Ever since playing the Aldwych level in Tomb Raider 3 as a youngster, I have been fascinated by the notion of hidden and disused London Underground stations. A few weeks ago, I had the pleasure of experiencing a tour of the disused Down Street station on the Piccadilly Line, and here’s what we found down there…
We congregated at The Athenaeum Hotel in Mayfair for some coffee and biscuits in preparation for the tour. Alec is looking very happy with his shortbread here, bless him 🙂
Just outside The Athenaeum is Down Street, where the old underground station is located. Without knowing beforehand what this was, I don’t think I would even have noticed, and walked straight past it. The ticket hall is now a convenience store which is a shame, as that would have been wonderful to see.
The station was only in use for a short time, being opened in 1907 and closed again in 1932, mainly due to misuse. It was designed by the architect Leslie Green; identified by the red tiled exterior and arched windows.
We made our way through the entrance, which is through the unassuming grey door you see in the photo above, and down a short staircase. On a landing just inside the entrance before the main curving staircase downward was a floor plan poster, put in for the purposes of the tour.
During the Second World War, this station was used by railway workers keeping the train service running throughout, and by Churchill and his cabinet as a shelter. The space was converted to contain offices, a telephone exchange, dormitories, meeting rooms and bathrooms for workers to use.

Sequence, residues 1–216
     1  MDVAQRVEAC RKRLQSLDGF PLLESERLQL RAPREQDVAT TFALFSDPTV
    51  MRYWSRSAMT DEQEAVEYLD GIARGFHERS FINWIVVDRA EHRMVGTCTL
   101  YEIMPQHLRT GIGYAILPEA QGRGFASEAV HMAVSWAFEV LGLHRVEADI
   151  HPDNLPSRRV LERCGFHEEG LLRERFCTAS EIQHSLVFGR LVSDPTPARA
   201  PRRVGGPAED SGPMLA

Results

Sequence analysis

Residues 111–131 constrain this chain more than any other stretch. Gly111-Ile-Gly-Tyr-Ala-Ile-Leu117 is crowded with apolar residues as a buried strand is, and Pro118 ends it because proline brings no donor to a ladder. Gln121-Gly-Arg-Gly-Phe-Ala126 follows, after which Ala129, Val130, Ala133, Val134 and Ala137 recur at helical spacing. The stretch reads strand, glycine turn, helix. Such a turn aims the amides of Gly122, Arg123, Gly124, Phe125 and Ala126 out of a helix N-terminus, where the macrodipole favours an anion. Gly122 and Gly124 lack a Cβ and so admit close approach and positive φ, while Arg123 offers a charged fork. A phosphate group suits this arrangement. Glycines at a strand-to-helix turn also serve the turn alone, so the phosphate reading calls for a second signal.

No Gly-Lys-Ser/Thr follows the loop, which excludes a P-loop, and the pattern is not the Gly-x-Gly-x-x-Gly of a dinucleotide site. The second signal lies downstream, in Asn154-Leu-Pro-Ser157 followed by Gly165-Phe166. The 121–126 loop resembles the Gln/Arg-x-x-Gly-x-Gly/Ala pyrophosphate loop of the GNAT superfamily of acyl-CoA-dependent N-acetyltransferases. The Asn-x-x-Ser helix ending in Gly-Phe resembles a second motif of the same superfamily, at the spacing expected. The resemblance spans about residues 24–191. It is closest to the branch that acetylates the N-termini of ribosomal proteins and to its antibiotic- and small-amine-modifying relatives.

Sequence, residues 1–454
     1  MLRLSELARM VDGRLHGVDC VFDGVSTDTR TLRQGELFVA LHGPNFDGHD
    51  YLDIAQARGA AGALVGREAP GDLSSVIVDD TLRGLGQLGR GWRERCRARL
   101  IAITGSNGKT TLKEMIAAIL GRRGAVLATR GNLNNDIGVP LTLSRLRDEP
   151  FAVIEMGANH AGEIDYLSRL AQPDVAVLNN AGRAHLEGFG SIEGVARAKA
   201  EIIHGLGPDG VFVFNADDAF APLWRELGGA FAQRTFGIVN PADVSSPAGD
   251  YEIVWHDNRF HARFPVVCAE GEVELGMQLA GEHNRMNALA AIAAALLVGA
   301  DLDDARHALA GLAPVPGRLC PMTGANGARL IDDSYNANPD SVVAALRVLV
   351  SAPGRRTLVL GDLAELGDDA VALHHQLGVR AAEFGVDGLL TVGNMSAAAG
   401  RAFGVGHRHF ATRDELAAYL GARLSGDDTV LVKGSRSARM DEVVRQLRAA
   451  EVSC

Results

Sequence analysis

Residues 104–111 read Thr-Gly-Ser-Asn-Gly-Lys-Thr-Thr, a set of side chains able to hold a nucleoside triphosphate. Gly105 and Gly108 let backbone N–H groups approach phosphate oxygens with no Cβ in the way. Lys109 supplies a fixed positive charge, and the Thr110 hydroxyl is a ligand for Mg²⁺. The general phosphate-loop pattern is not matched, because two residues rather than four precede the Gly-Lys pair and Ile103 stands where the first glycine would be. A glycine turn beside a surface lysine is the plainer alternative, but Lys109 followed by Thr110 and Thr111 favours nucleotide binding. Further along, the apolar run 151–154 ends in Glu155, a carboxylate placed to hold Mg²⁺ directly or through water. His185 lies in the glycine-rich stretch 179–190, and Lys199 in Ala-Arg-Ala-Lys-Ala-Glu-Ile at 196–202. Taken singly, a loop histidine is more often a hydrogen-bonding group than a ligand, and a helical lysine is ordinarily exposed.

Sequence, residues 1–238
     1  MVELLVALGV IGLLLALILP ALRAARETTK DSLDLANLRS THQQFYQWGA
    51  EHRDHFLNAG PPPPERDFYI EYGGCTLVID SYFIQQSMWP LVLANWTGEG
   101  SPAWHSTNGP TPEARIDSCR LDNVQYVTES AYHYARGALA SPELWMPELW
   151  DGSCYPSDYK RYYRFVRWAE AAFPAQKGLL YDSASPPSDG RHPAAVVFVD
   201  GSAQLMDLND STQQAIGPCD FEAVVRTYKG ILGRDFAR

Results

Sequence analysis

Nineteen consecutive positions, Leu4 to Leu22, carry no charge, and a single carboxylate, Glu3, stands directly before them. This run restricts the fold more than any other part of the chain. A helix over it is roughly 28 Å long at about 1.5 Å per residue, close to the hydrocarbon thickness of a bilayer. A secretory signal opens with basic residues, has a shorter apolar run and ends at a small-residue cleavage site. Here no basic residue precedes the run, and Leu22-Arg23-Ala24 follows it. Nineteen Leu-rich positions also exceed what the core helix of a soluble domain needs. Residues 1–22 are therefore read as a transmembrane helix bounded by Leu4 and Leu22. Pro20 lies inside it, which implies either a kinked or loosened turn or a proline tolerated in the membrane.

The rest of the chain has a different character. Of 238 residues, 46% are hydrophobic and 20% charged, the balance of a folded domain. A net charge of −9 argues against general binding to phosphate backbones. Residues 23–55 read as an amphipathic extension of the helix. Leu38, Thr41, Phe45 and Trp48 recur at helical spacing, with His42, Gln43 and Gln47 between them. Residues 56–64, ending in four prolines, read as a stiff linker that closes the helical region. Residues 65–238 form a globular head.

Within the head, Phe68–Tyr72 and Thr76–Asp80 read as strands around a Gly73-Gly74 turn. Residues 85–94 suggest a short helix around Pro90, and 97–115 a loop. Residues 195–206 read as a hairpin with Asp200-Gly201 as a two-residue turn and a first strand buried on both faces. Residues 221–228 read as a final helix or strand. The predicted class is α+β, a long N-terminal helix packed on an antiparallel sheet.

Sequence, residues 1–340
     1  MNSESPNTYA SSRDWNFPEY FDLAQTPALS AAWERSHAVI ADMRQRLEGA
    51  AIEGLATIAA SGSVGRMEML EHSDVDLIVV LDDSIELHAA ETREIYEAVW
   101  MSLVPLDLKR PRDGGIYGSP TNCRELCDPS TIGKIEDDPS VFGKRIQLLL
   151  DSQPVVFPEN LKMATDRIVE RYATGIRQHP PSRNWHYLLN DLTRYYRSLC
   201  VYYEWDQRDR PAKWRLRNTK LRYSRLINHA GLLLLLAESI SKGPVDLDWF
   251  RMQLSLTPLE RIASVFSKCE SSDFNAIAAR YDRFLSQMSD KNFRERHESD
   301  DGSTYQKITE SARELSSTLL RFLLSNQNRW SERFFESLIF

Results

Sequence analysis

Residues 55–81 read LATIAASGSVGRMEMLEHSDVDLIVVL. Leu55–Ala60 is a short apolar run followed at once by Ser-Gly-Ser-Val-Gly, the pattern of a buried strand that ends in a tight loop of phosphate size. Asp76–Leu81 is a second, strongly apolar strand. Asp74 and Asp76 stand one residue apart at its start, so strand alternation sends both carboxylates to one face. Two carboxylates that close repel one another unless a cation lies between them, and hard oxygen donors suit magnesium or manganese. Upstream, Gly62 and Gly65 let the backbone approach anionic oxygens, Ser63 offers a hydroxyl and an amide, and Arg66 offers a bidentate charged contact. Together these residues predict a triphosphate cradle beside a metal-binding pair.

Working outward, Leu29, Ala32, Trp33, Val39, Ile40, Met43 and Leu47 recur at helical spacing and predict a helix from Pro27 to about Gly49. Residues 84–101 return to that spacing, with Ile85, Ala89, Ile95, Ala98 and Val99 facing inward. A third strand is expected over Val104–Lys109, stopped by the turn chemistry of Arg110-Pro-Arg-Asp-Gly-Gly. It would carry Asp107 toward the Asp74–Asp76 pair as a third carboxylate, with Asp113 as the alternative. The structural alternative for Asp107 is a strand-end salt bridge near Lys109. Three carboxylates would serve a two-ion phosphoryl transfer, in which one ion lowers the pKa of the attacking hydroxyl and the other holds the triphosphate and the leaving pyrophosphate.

There are various directional signs located on walls throughout the station which would have been added during this wartime period; this ‘To Offices’ sign is situated at the top of the main spiral staircase leading down into the station:
This ‘To Street’ sign is located on the elevator shaft about halfway down the main staircase:
This ‘Enquiries & Committee Room’ sign is located in a tunnel deeper inside the disused station:
The guides led us through the tunnels, explaining how and when certain areas were used. Parts of the tour were pitch black and very close quarters down tiny passageways, and we could only see by using torches. It was very eerie!
Down by where the platforms would have been, these signs were put in to aid maintenance workers. They are obviously more modern, judging by the style of them. To the left and right of these signs, we could occasionally see Piccadilly Line trains speed by.
There are also these signs in the distinctive style of Leslie Green, the architect of the station. These ones would have been used to aid passengers when the station was used for its intended purpose.
The tour was super fascinating, and I would definitely like to do another one in the future. It is expensive and hard to get tickets, but it was very well organised, and the guides were fantastic. I really want to see the Aldwych station for myself, so as soon as those tours become available again, I’m going to book one ASAP!
I took some video footage as well; I’ll drop it in this post when I’ve cut all the clips together 🙂